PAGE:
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Contest Gives San Diego Songwriters Shot At Fame

September 23, 1986|THOMAS K. ARNOLD

SAN DIEGO — The grass was moist, and the sun kept hiding behind a misty veil of gray clouds. But that didn't stop several hundred San Diegans from gathering in Old Town Plaza on Sunday afternoon for the local portion of one of Southern California's biggest songwriting competitions.

The free four-hour concert was the second of three in the Club Songwriters Celebrations series, which organizers say is intended to spotlight undiscovered Southern California songwriters. It's sponsored by the Los Angeles Songwriters Showcase (LASS), one of the nation's oldest and largest songwriter support organizations.

Earlier this summer, LASS selected two groups of 20 semi-finalists from more than 700 Southern California entrants.

The first group, consisting of songwriters from Los Angeles and northern Orange counties, was pared to eight finalists at the Club Songwriters Celebrations' opening concert last month in Long Beach.

Sunday, it was the second group's turn. Ten semi-finalists from San Diego and southern Orange counties performed 13 original compositions in four categories: country, pop, rhythm-and-blues and rock.

Some sang their own tunes, accompanied by either a live band or a recorded instrumental track. Others had someone else do the singing.

When it was all over, a panel of judges that included representatives from Arista Records and BMI, the international music licensing agency, picked two winners from each category to go on to the competition's grand finale next Sunday at the Starlight Amphitheater in Burbank.

There, the eight local finalists will join the eight chosen last month in Long Beach to compete for cash prizes totaling more than $3,500.

But to the local winners, the cash is secondary to an even more cherished prize: exposure.

"More than anything else, this kind of thing helps us meet the right people: the publishers, the record companies, even the acts themselves," said Dean Smith, a versatile 38-year-old musician who topped the pop category with his upbeat "Real Kind of Love."

"And I can't tell you how happy I am to finally be able to go up to Los Angeles and have a real good chance at getting someone to pick up something I've written."

Since he began writing songs for a living 10 years ago, Smith said, many of his compositions have been published, but only a handful have been recorded.

But now his chances for future success are greatly increased.

"Like too many other songwriters, my biggest obstacle has always been a lack of exposure," Smith said. "For too long, I've been stuck in the studio, recording and sending out demonstration tapes on my own.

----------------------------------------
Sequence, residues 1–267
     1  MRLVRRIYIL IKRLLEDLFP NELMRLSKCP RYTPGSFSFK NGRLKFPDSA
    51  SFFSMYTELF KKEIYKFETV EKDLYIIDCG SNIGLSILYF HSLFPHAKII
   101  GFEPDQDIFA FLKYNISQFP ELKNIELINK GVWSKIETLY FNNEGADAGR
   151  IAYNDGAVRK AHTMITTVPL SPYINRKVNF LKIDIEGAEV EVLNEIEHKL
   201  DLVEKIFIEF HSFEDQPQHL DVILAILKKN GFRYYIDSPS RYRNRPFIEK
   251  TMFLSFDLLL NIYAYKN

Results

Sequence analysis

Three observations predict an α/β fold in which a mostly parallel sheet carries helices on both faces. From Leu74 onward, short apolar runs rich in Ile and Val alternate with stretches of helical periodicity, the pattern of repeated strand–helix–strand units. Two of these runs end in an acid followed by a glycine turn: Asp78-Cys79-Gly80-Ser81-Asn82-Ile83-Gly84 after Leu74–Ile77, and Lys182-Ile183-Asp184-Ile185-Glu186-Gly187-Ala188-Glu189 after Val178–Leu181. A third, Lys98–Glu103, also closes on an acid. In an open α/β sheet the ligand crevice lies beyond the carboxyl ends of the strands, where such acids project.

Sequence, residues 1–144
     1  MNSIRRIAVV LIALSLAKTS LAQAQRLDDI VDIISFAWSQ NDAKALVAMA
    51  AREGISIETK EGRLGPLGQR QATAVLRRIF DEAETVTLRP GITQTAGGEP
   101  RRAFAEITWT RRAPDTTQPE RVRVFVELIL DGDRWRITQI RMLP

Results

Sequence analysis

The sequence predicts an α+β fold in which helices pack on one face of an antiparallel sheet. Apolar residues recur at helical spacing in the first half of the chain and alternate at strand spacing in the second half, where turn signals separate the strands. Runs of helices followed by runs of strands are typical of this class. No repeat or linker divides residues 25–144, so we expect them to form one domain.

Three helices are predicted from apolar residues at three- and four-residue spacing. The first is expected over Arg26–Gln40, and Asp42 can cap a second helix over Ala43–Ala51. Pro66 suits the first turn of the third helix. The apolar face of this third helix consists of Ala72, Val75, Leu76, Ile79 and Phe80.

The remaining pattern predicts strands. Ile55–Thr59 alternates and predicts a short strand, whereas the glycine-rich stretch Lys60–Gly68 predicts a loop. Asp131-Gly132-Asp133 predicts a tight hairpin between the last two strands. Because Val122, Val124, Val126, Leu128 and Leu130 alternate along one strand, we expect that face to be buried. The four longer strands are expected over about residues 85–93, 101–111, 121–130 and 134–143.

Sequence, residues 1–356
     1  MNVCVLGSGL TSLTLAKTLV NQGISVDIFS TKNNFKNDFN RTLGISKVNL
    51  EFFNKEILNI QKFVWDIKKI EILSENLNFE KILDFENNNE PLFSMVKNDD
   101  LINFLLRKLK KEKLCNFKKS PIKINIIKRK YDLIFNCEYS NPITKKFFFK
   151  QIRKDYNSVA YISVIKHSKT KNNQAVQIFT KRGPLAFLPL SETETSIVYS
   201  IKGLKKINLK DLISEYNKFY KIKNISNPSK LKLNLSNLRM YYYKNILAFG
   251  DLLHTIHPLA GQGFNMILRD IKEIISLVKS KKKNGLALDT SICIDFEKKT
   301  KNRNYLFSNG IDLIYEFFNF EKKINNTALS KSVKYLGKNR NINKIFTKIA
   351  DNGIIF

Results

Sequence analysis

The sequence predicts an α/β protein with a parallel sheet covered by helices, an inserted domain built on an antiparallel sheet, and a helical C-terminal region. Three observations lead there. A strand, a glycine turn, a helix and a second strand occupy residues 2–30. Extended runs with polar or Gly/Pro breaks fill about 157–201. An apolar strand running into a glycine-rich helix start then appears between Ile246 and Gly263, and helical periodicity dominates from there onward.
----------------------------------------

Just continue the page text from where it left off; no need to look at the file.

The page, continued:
"But winning this sort of thing is better than sending out 5 million tapes. In terms of getting exposure and getting the right people to hear your songs, you just can't beat it."

Beverly Bremers, whose "Like Cream to a Cat" placed second in the country division, agrees.

"I'm thrilled with it," said the 35-year-old Bremers, a regular with the San Diego Repertory Theatre, who broke into music in the late 1960s as a cast member of the Broadway musical "Hair."

"Now, if I send my song to, say, Marie Osmond, I can mention that it made the semifinals of this contest and expect to get a lot more attention than I would otherwise."

Len Chandler, the buoyant 51-year-old head of LASS, said he hopes to make the Club Songwriters Celebrations--held for the first time this year--an annual event.

"We've been thinking of having a contest like this for many years," Chandler said, "but it's always been impossible for us to do so because of the expense.

"Fortunately, this year we were able to attract the attention of the Club cocktails company, and thanks to their support we were even able to keep the whole thing free, both to the public and to the entrants."

Along with partner John Braheny, Chandler founded LASS 15 years ago and has watched its membership grow to more than 1,500 songwriters around the state.

Aside from the Club Songwriters Celebrations, Chandler said, the nonprofit organization holds weekly meetings at Gio's nightclub in Hollywood. There, he said, members spend about three hours critiquing each other's material, listening to talks by music industry professionals, and showcasing their works before an audience of music publishers, record company executives and artists in need of material.

"Those meetings are the most successful things we do," Chandler said. "We've helped our members place songs with hundreds of recording artists, from Cher to Sister Sledge, from George Benson to Barbra Streisand.

"Sometimes, surprising things happen. In the early 1970s, Janis Ian came to one of our meetings and in one night, performed three songs that would later become hits: 'Stars,' for Cher; 'Jesse,' for Roberta Flack, and 'At Seventeen,' which Janis recorded herself.

"You really never know when something like that is going to happen again. There's always that chance, because our whole purpose is to get songwriters connected with the right people.

"And the right people are the ones who make it a point to come out to our meetings, week after week."

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